| Nancy Rotering:
Having visited the Fort Sheridan Forest Preserve area with numerous elementary school classes and Cub Scout groups, I am very fond and appreciative of the natural beauty and broad ecosystem that is there. It is a treasure.
However, there is a legal obligation from the deed restriction that was put in place when the Lake County Forest Preserve District received the land from the Federal government. Because the restriction was subject to a 5-party agreement on the use of the property, my understanding is that the Army is unlikely to change the deed restriction at the request of just one of the parties.
I know that members of the Forest Preserve District and the Fort Sheridan Task Force have spent years trying to come up with a fair and fiscally responsible way to resolve the land use issue. The hybrid golf course appears to be a compromise which will meet the obligations of the deed restriction while maximizing the amount of open land available.
In approaching this issue, I take into account what I have observed at meetings I have attended regarding the golf course, conversations I have had with Highland Park residents, the plethora of written comments that were submitted after the Open House in the latter part of the summer, my review of financial and legal documents, on-line and print news stories, and on-line blogs. I can say with certainty that there is no consensus from our community about what should happen with regard to the development of a golf course at Fort Sheridan, other than that I think an 18-hole course is by and large not supported, and is not a financially sound option.
The residents of Highland Park who bought homes in the Town of Fort Sheridan, knowing about the deed restriction in the transfer agreement of the land from the Army to the Forest Preserve District and fully expecting a golf course to be built there, have substantial equities on their side, particularly in light of the fact that the County got the land for nothing, despite offering to purchase it for $10 million during the initial base shutdown negotiations. On the other hand, the residents of Highland Park who want the land kept open for walking, bird watching, etc. correctly note that the property is unique and not replicable anywhere else.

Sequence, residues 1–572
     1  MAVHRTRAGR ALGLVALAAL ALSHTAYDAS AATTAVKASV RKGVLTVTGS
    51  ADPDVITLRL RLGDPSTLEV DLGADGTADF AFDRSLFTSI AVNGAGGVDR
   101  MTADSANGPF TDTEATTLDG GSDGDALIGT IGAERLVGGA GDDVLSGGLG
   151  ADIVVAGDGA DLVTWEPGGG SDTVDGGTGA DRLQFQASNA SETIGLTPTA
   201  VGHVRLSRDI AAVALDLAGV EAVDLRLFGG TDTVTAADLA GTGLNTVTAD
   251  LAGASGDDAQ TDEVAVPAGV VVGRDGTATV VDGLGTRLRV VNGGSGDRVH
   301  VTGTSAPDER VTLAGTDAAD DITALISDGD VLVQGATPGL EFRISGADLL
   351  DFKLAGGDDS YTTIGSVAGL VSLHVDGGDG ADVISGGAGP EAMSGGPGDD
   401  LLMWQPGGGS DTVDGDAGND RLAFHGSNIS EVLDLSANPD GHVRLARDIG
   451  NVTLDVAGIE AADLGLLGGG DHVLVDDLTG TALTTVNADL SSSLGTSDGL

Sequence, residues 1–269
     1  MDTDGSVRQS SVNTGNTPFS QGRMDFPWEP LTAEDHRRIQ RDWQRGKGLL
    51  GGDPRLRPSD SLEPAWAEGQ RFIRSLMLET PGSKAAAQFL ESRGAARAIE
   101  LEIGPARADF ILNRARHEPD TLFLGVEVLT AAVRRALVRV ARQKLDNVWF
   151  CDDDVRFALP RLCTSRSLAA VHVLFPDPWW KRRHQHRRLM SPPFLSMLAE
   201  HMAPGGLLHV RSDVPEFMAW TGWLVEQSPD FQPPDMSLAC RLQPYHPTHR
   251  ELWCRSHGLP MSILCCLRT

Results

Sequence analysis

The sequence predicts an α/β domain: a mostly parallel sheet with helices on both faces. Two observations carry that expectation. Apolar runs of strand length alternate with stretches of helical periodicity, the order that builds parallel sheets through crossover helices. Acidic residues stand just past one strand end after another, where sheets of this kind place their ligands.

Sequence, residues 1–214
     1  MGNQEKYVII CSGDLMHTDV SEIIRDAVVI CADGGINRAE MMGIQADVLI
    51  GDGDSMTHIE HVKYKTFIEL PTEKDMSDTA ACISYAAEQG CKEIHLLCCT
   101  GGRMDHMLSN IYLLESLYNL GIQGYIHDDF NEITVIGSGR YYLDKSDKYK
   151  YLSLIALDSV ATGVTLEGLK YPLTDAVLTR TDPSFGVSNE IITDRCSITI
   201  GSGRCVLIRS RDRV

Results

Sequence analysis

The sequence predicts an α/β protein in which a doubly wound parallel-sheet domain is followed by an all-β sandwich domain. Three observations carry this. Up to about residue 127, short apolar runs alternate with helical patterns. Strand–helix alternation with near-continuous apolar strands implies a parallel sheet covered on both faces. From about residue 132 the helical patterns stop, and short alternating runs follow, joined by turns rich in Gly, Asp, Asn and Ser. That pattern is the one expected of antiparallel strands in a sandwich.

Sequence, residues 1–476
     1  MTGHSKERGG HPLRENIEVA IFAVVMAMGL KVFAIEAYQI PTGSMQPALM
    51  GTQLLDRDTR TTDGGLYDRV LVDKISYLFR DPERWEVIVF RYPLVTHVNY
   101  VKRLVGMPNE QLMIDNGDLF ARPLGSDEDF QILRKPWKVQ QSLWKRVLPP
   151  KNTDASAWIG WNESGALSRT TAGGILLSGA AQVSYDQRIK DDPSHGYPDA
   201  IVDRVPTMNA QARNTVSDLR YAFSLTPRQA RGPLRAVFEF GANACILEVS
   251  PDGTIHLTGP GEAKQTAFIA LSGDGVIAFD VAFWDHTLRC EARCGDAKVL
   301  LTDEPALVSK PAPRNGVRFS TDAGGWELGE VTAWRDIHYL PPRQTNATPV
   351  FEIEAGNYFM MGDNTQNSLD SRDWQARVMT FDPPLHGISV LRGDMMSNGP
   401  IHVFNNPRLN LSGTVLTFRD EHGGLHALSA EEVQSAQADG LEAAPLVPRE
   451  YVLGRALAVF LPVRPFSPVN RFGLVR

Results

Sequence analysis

I was thus eager to see if a plan could be worked out to balance these competing interests. I believe the current 9-hole proposal represents a fair compromise between the 18-hole course purchasers think they were promised and cost and environmental considerations. Therefore, I would not work at this time to reverse the Council’s vote in support of the development of a golf course at Fort Sheridan.
This said, I do not believe a 3rd course in the area is necessary. If Lake County takes this course on, we have the flexibility to close one of the Highland Park courses (presumably the Highland Park Country Club) and make better use of that property for the benefit of Highland Park taxpayers. They, not the residents of Lake County as a whole, are my constituency.
As I do not see there being 3 golf courses in Highland Park in the long term, I am not concerned that a Lake County golf course will threaten the 2 existing golf courses in Highland Park.
As far as next steps are concerned, it makes sense to put the project out to bid with a RFP to see if there is a private firm that would build and operate the course.
I will conclude by saying that at the time the Council passed the Resolution in support of the development of a golf course, there was no community consensus against the course, and a firm belief that the principle of honoring people’s reasonable expectations of what was legally required of the County should not be lightly cast aside. Absent a clear demonstration of a consensus among our constituents, I believe our Resolution was appropriate and should stand.